Duty - Giri

duty-giri.jpgGiri is difficult to express in words, but its meaning is very clear.

Loosely, giri means duty or obligation – specifically the obligation of one person to another. 

Giri is pronounced “gi” (as in a karate uniform) and “ree.”

Giri is the invisible thread that connects the most important parts of our life to one another; it connects the obligations of teacher to student, and student to teacher; of husband to wife, and wife to husband; of employer to employee and vice versa; of friend to friend; and so on.

Giri is the physical manifestation of Gassho (deep appreciation). Without giri,gassho becomes a silent appreciation. With giri, we act in the real world because of our deep appreciation of others, and we act in a way that is directly congruent with that appreciation. For instance, if we have a friend that we care deeply about, and for whom we deeply appreciate, then giri requires us to act in ways that are in their best interest.

This is a two-way obligation, however. Giri is never one-way. For as much as an employee has an obligation to work hard, to be loyal, and to continually advance the interests of his or her employer, that employer also has a continuing obligation to help the employee, and act with generosity and care towards him or her.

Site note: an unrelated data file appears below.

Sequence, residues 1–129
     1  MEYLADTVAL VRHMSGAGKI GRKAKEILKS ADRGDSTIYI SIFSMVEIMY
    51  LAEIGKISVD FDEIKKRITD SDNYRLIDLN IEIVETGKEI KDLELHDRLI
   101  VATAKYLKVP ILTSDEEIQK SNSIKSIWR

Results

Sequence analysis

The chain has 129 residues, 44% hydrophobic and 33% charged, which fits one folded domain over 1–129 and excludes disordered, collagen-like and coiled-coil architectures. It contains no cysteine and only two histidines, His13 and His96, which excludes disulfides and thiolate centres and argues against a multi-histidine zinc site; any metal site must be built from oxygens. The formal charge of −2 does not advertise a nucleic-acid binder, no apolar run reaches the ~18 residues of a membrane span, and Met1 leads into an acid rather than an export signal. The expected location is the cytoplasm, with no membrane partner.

There is also an element of “anticipation” inherent in the concept of giri. And this can be a remarkably wonderful and compassionate element. Giri implies that we do not act robotically or without thought; we should not have to be asked to fulfill our obligations to those to whom we owe giri. Rather, we anticipate what needs, and act without being asked. If we take this concept to our personal relationships, and even in some business relationships, giri leads us to “delight” those around us by anticipating their needs and desires, and acting upon this.

Giri is a kind of “social glue” that strengthens communities and makes them resilient, and the net effect of giri is to strengthen both people, and as both people in such a relationship have obligations to one another, giri does not create a hierarchy of one person over another.